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Chebyshev's theorem problem

  1. Sep 27, 2015 #1
    1. The problem statement, all variables and given/known data
    How many times do we have to flip a balanced coin to be able to assert with a probability of at most .01 that the difference between the proportion of tails and .50 will be at least .04?

    2. Relevant equations
    P( |X-μ| ≥ kσ ) ≤ 1/k^2

    3. The attempt at a solution

    I am very confused about how to use this theorem. So far I have only managed to figure out bits and pieces.
    I know that
    P ≤ .01 = 1/k^2 so
    k^2 = 1/.01 = 100
    k = 10

    also μ = np and since the coin is balanced, p = 1/2 so
    μ = n/2
    also σ^2 = np(1-p) = n/2(1/2) = n/4
    so σ = sqrt(n)/2

    plugging this all into the inequality I get

    P( |X-n/2| ≥ (10)(sqrt(n)/2) ) ≤ .01

    P( |X-n/2| ≥ (5)sqrt(n) ) ≤ .01

    But I am still confused about what this means or how I can solve for n (which is what I think I need to be solving for.) please help :(
     
  2. jcsd
  3. Sep 27, 2015 #2
    The random variable X is the proportion of flips that are tails, not the number of tails. Thus mu= 0.5 not n/2 and sigma = sqrt (p(1-p)/n). Try again using these.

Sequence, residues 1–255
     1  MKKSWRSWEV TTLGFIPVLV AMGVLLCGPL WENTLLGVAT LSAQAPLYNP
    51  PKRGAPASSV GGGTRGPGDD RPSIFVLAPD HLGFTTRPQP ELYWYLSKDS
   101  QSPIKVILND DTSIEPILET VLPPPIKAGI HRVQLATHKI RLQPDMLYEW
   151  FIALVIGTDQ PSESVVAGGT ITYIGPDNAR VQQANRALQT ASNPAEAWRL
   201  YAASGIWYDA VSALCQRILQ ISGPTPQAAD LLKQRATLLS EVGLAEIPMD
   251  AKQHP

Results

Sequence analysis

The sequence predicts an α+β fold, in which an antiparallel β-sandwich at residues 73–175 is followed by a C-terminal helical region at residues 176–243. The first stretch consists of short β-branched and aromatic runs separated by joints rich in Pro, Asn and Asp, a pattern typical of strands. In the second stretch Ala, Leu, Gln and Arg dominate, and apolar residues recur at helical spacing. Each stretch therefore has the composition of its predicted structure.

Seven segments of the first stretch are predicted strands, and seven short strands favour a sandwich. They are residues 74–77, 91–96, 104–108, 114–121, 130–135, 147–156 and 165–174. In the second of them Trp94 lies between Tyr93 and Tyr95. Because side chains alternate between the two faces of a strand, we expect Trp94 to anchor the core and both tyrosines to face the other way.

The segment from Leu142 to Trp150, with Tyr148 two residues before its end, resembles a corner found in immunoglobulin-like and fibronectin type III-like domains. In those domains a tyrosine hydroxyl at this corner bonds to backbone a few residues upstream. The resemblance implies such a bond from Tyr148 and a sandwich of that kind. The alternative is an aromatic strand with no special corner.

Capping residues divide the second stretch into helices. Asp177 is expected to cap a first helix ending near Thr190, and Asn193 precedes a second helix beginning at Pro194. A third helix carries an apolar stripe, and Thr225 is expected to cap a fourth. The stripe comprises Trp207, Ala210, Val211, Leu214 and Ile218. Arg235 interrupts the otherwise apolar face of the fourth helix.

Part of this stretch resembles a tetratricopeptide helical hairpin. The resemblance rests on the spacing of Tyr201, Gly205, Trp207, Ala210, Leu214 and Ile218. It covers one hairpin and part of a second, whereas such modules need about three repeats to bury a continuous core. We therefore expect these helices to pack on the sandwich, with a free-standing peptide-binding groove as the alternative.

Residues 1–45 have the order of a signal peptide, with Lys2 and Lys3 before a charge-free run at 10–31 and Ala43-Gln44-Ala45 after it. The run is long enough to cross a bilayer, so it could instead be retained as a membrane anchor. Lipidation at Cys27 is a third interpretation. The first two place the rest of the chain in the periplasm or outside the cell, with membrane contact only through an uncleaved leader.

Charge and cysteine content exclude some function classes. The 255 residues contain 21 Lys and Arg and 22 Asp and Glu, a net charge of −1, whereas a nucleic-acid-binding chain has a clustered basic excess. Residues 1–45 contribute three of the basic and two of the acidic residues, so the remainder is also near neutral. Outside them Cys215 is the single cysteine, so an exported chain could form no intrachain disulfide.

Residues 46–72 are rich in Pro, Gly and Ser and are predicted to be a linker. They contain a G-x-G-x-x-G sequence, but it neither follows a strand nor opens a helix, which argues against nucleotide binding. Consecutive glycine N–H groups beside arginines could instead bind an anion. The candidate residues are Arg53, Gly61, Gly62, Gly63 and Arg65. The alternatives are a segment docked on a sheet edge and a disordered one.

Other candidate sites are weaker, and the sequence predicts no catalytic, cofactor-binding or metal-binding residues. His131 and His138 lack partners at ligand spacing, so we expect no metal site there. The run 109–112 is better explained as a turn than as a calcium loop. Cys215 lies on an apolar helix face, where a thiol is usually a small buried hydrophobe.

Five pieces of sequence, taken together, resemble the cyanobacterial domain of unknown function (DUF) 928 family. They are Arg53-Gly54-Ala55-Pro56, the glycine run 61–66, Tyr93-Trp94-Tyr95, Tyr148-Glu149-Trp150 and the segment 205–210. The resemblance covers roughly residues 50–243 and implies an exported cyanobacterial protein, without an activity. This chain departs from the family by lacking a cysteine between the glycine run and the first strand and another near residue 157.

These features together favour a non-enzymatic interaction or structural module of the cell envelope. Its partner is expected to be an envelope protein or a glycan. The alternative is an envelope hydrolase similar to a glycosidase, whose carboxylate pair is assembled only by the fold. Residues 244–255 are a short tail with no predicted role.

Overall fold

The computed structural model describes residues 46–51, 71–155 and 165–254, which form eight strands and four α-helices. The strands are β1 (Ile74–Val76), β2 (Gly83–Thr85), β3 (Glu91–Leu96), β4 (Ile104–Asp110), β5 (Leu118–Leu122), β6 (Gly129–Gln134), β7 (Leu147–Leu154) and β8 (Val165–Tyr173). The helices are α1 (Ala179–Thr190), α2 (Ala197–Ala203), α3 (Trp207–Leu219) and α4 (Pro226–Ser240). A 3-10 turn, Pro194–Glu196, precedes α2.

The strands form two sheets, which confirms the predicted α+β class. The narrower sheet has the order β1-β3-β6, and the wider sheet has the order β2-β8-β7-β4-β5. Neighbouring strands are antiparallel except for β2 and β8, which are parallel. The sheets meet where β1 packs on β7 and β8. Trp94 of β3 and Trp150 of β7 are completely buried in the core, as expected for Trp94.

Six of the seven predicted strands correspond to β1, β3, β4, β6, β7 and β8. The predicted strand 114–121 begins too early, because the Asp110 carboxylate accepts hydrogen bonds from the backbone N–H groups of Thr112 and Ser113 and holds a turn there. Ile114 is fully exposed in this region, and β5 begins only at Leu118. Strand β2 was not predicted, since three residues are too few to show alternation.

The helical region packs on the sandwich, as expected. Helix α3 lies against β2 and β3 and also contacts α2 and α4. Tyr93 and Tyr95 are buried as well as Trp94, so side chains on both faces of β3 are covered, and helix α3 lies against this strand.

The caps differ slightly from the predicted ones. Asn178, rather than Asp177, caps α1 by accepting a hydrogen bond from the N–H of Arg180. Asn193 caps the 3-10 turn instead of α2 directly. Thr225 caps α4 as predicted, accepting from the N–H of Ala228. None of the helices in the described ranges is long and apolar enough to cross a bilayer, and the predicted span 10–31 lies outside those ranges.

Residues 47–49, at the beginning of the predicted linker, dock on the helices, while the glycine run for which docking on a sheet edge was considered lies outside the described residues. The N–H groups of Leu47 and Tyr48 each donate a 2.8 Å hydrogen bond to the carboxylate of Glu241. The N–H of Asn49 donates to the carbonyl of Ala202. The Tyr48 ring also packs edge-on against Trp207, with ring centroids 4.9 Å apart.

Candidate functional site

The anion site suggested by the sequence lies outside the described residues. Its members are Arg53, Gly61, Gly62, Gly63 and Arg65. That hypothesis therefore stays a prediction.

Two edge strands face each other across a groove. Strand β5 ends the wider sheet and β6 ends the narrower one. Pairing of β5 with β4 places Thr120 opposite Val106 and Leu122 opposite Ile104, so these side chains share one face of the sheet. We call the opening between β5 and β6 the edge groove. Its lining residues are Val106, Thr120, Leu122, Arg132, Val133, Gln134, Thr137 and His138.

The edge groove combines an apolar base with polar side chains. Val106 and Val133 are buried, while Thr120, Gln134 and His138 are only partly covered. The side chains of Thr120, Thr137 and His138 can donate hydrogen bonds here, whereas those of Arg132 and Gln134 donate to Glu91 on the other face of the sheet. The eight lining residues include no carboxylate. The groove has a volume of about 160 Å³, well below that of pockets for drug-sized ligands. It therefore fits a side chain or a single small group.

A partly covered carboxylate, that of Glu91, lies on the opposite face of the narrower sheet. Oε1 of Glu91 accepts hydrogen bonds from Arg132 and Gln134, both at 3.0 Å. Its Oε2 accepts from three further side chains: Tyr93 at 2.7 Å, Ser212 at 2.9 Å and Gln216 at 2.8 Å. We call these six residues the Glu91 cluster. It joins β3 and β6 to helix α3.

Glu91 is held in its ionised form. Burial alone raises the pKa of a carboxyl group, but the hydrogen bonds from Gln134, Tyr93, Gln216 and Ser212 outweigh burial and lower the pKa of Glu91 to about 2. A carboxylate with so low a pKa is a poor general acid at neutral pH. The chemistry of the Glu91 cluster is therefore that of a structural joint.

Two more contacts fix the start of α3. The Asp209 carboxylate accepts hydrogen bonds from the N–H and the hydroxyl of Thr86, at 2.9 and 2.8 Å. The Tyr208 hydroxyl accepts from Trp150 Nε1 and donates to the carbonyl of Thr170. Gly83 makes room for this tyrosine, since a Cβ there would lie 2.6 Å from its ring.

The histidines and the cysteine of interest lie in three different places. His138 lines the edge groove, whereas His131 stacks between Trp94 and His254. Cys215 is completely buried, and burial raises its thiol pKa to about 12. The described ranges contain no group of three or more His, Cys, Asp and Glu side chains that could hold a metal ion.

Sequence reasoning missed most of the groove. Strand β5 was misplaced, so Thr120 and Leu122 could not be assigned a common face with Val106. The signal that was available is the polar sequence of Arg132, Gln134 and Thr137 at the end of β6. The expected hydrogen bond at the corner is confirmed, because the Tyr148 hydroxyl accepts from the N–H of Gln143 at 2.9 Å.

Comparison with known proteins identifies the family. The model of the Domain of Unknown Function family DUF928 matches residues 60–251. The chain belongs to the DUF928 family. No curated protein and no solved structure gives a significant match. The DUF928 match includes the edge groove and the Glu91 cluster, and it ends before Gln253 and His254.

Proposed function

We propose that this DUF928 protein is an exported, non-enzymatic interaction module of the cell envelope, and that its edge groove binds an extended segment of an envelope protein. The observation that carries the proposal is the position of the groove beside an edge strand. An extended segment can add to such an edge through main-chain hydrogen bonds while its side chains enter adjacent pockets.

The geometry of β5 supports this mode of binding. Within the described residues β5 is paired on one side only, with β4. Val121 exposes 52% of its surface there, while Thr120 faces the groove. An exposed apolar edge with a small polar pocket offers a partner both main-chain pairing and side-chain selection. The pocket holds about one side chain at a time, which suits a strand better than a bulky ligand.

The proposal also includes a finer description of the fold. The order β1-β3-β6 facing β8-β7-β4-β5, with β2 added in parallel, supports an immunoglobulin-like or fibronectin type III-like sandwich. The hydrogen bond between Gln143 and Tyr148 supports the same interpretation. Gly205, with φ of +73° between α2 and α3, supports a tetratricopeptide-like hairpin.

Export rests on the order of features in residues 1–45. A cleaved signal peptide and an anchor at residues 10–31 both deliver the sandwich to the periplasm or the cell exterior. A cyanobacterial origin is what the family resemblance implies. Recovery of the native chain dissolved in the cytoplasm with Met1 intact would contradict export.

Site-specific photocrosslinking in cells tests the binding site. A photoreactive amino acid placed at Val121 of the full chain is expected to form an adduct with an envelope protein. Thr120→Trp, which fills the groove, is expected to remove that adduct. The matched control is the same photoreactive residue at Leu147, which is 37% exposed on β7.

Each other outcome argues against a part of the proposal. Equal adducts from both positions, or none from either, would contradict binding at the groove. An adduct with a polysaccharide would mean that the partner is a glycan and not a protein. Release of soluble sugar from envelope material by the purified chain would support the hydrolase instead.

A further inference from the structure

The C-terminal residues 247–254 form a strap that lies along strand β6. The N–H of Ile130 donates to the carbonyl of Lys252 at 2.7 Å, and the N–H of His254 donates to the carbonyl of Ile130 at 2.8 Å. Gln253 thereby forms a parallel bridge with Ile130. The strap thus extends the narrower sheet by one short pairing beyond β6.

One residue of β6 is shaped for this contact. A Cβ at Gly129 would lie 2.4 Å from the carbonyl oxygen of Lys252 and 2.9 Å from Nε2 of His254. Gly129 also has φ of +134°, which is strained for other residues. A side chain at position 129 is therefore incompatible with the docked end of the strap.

4. Sep 27, 2015 #3
    Now things are starting to make sense, thank you so much.
    so
    μ = 1/2
    and σ = 1/sqrt(2n)

    The inequality becomes
    P( |X-1/2| ≥ 10/sqrt(2n) ) ≤ .01
    so

    10/sqrt(2n) = .04

    10/.04 = sqrt(2n)

    250 = sqrt(2n)

    62500 = 2n

    n = 31250
     
  5. Sep 27, 2015 #4

    Ray Vickson

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    Science Advisor
    Homework Helper

    It is just as easy to continue using X = number of tails, but to write the desired condition correctly. You want to know the probability of the event
    [tex] \left\{ \left| \frac{X}{n} - \frac{1}{2} \right| > .04 \right\} [/tex]
    Using ##\mu = n/2, \sigma = (1/2) \sqrt{n}## we can re-write the event above is the same as
    [tex] \{ |X - \mu| > 0.04\, n \} = \{ |X - \mu| > 0.08 \sqrt{n} \; (1/2) \sqrt{n} \} = \{ |X - \mu| > 0.08 \sqrt{n} \: \sigma \} [/tex]
     
    Last edited: Sep 27, 2015
  6. Sep 27, 2015 #5
    oops i think i made a mistake.

    would it be σ = 1/(2sqrt(n))

    instead of

    σ = 1/sqrt(2n) ?
     
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